Meal Plans

All of GU's housing facilities are located near the Floyd M. McDowell Commons. Students living in the four traditional residence halls (Graybill, Gunsolley, Tess Morgan and Walker Halls) are required to purchase a full board plan in the Floyd McDowell Commons. Additional information regarding dining options available online (http://www.gracelanddining.com/plans/index.html). Students residing in the Small & Thomas Apartments are required to purchase the 5-meal plan, but may also choose to purchase the full board plan. The full board plan, the 5-meal plan, and Gbucks are available to students who reside off campus. Gbucks are dollars which can be loaded onto a student’s Graceland ID card and can be used on campus for food, or at five Lamoni restaurants for food, as well as the Lamoni Coliseum movie theater. Gbucks are available to all students.

Students living in the Tower Apartments, designed for married students and students with legal dependents, are not required to purchase a meal plan.

Campus Ministries

The mission of Campus Ministries is to engage students in building community, sharing faith, and creating peace and justice. We are a partnership between Graceland University and Community of Christ, the university’s founding and sponsoring denomination.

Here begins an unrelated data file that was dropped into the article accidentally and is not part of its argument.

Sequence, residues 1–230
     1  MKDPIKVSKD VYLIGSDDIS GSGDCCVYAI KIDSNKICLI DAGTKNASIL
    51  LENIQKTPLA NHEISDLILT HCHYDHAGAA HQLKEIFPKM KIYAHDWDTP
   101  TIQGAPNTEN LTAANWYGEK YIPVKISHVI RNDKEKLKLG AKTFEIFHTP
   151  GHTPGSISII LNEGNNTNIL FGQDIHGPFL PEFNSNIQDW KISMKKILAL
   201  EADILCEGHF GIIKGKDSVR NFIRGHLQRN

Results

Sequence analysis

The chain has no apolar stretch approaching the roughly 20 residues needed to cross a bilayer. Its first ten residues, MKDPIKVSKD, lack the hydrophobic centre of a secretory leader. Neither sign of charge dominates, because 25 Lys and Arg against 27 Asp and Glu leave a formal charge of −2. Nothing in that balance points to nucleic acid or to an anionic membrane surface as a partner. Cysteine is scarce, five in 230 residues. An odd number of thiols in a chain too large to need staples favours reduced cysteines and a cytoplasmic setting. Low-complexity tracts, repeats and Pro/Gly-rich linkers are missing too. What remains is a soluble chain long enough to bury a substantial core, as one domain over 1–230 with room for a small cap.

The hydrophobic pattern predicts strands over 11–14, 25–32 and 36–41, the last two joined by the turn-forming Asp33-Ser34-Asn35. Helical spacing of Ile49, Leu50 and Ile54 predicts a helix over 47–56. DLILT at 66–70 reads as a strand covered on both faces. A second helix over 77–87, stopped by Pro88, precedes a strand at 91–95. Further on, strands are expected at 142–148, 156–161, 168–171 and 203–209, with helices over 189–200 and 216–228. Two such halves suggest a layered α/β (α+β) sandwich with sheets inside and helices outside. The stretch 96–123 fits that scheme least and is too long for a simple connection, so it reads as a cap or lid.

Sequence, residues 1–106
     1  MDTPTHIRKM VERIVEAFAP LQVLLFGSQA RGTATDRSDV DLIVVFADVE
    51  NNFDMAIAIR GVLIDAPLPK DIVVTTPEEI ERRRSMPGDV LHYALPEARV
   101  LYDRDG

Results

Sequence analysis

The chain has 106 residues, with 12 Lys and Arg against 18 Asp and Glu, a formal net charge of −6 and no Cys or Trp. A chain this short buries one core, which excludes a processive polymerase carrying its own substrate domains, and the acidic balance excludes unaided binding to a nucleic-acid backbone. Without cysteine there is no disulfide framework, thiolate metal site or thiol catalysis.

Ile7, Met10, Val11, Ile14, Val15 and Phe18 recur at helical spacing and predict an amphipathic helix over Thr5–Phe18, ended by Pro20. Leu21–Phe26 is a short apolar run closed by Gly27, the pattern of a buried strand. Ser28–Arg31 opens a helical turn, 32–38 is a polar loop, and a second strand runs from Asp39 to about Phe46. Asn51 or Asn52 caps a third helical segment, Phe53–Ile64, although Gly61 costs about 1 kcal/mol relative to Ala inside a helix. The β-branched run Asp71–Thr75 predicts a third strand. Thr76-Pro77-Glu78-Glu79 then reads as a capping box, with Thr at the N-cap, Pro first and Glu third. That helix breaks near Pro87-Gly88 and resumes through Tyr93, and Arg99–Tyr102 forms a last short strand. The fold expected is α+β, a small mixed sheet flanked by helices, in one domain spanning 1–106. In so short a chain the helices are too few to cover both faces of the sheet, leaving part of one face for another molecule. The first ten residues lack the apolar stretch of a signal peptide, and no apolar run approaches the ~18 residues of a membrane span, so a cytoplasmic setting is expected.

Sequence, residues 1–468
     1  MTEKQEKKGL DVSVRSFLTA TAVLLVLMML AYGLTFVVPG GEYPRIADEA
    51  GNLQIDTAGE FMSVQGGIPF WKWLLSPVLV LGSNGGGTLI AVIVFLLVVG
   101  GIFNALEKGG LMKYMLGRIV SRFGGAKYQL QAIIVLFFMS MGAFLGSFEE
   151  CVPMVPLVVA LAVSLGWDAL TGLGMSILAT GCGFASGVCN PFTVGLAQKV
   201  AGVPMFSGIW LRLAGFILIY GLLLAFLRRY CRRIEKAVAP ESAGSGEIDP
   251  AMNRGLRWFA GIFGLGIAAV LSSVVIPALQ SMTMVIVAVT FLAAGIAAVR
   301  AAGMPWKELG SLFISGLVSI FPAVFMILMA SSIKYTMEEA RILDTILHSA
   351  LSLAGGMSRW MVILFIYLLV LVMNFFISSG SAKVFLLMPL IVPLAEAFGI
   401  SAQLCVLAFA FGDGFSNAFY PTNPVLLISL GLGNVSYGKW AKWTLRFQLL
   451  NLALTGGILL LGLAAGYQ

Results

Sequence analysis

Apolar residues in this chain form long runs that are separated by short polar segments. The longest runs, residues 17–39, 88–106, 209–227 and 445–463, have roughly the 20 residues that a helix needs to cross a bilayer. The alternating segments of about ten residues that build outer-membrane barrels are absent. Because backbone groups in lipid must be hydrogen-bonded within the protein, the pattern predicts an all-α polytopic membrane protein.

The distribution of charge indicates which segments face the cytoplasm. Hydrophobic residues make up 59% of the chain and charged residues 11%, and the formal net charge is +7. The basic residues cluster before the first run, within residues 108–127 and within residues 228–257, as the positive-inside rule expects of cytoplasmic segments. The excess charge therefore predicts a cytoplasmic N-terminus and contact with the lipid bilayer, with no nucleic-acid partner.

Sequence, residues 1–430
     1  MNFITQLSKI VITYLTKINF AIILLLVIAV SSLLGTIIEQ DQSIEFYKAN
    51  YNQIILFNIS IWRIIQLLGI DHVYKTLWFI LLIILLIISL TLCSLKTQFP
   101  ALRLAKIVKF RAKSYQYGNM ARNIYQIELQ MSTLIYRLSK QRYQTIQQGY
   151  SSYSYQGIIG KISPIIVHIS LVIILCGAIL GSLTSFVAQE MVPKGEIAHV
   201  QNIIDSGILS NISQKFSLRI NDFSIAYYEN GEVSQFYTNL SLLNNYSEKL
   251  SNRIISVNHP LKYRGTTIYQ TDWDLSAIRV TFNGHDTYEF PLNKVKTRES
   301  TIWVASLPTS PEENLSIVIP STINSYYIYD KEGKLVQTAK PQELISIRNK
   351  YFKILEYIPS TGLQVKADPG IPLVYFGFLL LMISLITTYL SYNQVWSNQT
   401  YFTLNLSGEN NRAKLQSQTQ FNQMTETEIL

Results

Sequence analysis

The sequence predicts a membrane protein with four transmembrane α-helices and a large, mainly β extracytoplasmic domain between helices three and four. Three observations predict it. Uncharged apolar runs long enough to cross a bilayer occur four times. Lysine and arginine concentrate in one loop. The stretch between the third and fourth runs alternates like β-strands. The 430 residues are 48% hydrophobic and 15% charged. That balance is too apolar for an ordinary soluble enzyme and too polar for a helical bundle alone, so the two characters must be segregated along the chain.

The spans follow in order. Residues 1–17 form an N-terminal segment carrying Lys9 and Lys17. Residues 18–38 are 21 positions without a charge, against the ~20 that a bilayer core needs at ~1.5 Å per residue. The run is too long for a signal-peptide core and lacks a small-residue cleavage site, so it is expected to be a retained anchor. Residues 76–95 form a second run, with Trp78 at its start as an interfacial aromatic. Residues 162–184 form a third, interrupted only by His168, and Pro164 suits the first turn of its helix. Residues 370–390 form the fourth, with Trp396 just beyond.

Campus Ministries serves to create a spiritual home for students. A spiritual home is a courageous space where each person can explore and deepen their relationship with God, and if a disciple of Jesus Christ, can live out more fully Christ’s mission of invitation, compassion, evangelism, justice and peacemaking, and disciple formation. We invite all students to discern their vocation and calling through academics, their own faith tradition, and through ecumenical and interfaith activities. Weekly activities and worship in the Community of Christ tradition are student-led and supported by Campus Ministers. We collaborate with other faith traditions for both on-campus and off-campus options for students.

Campus Ministries is an integral part of the Student Life. Through collaboration, we have started using the VALUE Rubrics of the Association of American Colleges and Universities to assess student learning outcomes associated with co-curricular and extra-curricular activities. The Campus Ministries offices are located in the Memorial Student Center (MSC), in the Student Life offices wing.

The Campus Ministries team includes

  • student chaplains serving in each of the residence houses available to offer caring peer support, including the president of the Council of House Chaplains
  • associates who are student employees serving in specialized areas and ministries, including a student pastor, and
  • two campus ministers, one full-time and one graduate assistant serving part-time and enrolled in the Community of Christ seminary

InSpire: Missional Ministry and Leadership